Thursday, September 19, 2019

The Desire to Create

Andy Warhol said to do art and put it out into the world and let them decide if it’s art or not, and while they are deciding, make more art.
And so, what did he do? He painted Campbell Soup cans. Every day for 20 years he ate the same lunch—Campbell soup. He liked Campbell soup, and then he tweaked with our brains by painting soup cans.  First, he painted one can, Cream of Chicken soup, then all 32 flavors, all the cans painted on a single canvas.
Was this art? Certainly, his renderings were technologically excellent. But was it art?
The public decided to make him one of the highest paid artists of his time.
Perhaps his art caused people to think. It’s a statement, although sometimes the observer paints more into the canvas that the painter intended, then, again, that’s art, sometimes to entertain, sometimes to jar one’s senses.
We all know that the easiest, cheapest lunch would be to walk into a grocery store and buy a can of soup.
Warhol’s silk-screens are selling to this day.
“Create because you have to, not to be famous, but because you are a living, breathing soul who must create or die a slow and boring death.”—Don Hahn
Sometimes we hold back on producing because we fear our creation will be junk.
Look at the junk that is out there, it appears in my inbox every day. And the mailbox. Heavens, we get an envelope with a window that has a check inside, well, it looks like a check, even the words,”Pay to the order of,” is clearly seen through the envelope window. And with our name no less.  It ought to be made out “pay to the order of  “The Stupid and Gullible.”
Well, I can get a check for $35,000 dollars, if I apply for a loan with interest that will keep the company’s CEO in Alexis’s.
It gives marketing a bad name, makes us mistrust solicitors.
Yet look at marketing: It is about advertising your wares.
You market yourself at parties, when trying to convince your family to go on that vacation you believe would serve them all.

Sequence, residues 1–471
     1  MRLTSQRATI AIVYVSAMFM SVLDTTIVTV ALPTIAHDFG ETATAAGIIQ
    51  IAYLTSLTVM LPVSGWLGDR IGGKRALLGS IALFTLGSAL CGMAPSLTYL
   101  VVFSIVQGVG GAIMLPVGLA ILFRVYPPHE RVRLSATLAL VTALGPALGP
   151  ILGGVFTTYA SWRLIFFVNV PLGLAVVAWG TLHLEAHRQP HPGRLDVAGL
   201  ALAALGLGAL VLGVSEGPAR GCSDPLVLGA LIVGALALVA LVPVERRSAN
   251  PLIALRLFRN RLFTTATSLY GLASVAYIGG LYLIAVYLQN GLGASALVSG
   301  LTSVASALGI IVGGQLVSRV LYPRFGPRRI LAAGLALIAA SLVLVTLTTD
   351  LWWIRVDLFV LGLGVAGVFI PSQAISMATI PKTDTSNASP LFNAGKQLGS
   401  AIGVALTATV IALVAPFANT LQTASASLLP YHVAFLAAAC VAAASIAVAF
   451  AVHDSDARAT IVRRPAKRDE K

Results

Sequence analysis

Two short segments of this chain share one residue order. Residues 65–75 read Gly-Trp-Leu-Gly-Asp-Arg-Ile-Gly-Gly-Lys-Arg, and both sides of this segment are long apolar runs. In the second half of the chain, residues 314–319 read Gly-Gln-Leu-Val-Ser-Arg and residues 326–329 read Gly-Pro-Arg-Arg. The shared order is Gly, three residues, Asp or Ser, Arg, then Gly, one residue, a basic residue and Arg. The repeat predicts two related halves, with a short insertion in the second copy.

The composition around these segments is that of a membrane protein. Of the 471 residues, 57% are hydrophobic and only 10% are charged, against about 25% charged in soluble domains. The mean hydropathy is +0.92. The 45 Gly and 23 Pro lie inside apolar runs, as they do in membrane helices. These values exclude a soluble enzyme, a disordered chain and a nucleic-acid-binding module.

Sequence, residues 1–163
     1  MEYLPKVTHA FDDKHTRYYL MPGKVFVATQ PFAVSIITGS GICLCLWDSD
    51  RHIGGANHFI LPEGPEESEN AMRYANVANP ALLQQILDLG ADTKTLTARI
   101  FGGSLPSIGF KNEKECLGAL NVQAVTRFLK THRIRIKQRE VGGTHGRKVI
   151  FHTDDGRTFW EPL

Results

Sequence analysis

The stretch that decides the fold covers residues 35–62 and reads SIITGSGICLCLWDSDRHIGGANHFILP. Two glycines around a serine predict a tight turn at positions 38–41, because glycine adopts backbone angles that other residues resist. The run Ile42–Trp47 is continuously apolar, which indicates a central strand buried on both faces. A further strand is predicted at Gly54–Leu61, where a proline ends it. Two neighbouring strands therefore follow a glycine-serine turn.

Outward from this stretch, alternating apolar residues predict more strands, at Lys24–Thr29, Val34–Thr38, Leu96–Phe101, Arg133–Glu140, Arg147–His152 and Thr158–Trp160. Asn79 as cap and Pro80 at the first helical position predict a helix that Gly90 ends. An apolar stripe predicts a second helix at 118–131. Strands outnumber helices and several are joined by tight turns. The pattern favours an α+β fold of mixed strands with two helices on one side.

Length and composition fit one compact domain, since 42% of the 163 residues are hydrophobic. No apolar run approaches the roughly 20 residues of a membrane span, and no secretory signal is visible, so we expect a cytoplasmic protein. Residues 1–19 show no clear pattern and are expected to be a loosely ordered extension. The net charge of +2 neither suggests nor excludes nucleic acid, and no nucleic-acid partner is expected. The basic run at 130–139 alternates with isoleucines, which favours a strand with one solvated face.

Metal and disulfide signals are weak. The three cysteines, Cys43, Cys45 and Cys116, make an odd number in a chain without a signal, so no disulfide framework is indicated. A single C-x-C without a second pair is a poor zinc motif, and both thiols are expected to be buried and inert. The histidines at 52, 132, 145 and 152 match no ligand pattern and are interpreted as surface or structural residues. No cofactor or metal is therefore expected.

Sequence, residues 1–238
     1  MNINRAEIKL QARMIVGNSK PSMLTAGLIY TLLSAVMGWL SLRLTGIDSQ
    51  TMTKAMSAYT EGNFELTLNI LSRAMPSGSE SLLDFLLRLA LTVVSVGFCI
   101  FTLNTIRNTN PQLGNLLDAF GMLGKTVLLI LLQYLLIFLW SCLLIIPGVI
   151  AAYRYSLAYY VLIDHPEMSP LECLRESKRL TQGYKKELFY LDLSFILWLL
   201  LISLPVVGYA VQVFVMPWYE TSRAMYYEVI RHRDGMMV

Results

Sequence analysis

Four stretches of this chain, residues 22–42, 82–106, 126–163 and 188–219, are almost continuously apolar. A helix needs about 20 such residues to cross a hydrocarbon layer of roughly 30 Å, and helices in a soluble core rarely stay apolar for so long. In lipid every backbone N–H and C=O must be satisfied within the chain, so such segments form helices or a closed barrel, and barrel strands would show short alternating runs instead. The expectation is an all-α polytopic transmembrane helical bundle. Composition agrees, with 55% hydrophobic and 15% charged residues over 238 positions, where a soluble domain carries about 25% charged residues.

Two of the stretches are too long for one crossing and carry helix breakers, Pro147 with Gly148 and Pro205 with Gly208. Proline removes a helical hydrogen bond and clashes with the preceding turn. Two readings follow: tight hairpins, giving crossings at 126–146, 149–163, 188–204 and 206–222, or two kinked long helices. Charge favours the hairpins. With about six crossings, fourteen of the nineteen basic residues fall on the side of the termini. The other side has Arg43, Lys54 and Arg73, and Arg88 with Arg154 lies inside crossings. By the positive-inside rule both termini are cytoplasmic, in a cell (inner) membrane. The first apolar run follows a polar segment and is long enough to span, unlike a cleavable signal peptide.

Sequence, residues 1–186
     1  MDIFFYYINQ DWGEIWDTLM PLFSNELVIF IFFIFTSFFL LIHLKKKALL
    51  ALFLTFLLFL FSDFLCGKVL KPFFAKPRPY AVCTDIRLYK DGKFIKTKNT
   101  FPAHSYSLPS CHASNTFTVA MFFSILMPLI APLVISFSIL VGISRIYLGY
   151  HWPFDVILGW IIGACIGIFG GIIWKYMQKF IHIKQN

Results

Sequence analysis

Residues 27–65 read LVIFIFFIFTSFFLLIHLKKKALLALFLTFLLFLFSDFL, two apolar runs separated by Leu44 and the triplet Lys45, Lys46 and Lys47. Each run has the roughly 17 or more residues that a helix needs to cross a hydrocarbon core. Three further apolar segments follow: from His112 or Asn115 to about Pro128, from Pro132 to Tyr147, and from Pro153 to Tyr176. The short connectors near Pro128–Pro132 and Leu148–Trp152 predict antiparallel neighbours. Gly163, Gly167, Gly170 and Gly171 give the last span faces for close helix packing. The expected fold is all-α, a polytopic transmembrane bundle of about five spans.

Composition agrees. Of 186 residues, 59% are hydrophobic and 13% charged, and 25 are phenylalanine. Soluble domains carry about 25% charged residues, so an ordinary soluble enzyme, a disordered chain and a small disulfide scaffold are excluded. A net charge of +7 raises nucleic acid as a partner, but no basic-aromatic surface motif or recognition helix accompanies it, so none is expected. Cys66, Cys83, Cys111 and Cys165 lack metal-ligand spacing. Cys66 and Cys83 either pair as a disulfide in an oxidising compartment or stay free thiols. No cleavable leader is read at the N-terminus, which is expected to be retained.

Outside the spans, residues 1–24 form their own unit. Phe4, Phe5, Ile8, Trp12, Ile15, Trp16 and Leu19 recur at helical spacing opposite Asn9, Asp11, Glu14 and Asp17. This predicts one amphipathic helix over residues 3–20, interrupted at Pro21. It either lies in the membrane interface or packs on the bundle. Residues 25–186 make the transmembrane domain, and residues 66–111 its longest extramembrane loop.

If you love your dream, why not marry it? In sickness and health, till death do us part.
Yeah, Joyce, all’s well and good about creating, but I need to earn a living.
Well, aren’t we getting ahead of ourselves? The idea is to do the work we love and find a way to get paid while doing it.
We, like the animals, seek food, shelter and a mate. Homo sapiens go a step further— they need to create. Perhaps some animals do as well, for without input they can become bored and despondent—as has happened with gorillas in a Zoo.
There is one fatal flaw in being too goal oriented. As we focus on the endgame, we miss a lot of life along the way.
Your creation is a work in process.
Remember Thomas Edison said he didn’t fail 1,000 times in his effort to make a light bulb, he found 1,000 ways NOT to make a light bulb.
Here’s where the grace comes into play. I said it would lubricate your process. When I think of grace, I think of being in a state of acceptance, a state of being.
There is strength in boldness. There is genius and magic in determination and perseverance.
Perhaps Van Gogh and Mozart didn’t expect to win. I don’t know. However, they were driven to create.